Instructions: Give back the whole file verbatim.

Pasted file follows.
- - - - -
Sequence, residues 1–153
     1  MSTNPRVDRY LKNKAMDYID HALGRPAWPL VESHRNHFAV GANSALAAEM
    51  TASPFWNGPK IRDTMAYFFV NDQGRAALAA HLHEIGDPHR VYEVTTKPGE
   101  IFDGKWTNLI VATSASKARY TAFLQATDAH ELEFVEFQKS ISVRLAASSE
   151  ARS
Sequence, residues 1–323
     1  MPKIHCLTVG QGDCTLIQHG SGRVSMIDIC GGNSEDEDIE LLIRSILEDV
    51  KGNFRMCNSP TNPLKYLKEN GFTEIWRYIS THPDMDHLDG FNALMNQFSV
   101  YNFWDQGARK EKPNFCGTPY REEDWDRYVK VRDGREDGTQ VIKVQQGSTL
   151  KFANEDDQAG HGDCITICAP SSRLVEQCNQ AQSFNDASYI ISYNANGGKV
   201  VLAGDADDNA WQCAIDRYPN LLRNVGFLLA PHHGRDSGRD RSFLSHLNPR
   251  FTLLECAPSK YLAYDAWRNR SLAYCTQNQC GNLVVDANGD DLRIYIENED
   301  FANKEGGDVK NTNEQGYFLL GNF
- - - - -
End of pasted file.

Sequence, residues 1–153
     1  MSTNPRVDRY LKNKAMDYID HALGRPAWPL VESHRNHFAV GANSALAAEM
    51  TASPFWNGPK IRDTMAYFFV NDQGRAALAA HLHEIGDPHR VYEVTTKPGE
   101  IFDGKWTNLI VATSASKARY TAFLQATDAH ELEFVEFQKS ISVRLAASSE
   151  ARS
Sequence, residues 1–323
     1  MPKIHCLTVG QGDCTLIQHG SGRVSMIDIC GGNSEDEDIE LLIRSILEDV
    51  KGNFRMCNSP TNPLKYLKEN GFTEIWRYIS THPDMDHLDG FNALMNQFSV
   101  YNFWDQGARK EKPNFCGTPY REEDWDRYVK VRDGREDGTQ VIKVQQGSTL
   151  KFANEDDQAG HGDCITICAP SSRLVEQCNQ AQSFNDASYI ISYNANGGKV
   201  VLAGDADDNA WQCAIDRYPN LLRNVGFLLA PHHGRDSGRD RSFLSHLNPR
   251  FTLLECAPSK YLAYDAWRNR SLAYCTQNQC GNLVVDANGD DLRIYIENED
   301  FANKEGGDVK NTNEQGYFLL GNF